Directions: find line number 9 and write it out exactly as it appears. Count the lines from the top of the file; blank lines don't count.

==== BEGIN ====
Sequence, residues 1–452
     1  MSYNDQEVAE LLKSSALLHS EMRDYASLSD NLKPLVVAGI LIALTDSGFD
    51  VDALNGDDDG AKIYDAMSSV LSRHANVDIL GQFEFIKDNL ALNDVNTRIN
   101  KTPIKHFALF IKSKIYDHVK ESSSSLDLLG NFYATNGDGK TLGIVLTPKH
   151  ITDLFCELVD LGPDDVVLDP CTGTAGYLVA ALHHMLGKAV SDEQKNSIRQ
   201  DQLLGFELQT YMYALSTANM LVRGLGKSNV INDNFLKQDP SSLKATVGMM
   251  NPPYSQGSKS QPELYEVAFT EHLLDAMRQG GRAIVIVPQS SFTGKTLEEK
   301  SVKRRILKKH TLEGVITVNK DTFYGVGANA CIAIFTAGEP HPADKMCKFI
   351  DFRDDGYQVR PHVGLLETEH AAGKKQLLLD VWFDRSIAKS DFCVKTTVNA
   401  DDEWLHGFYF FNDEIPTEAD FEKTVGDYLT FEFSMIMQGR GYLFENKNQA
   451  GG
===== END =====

   351  DFRDDGYQVR PHVGLLETEH AAGKKQLLLD VWFDRSIAKS DFCVKTTVNA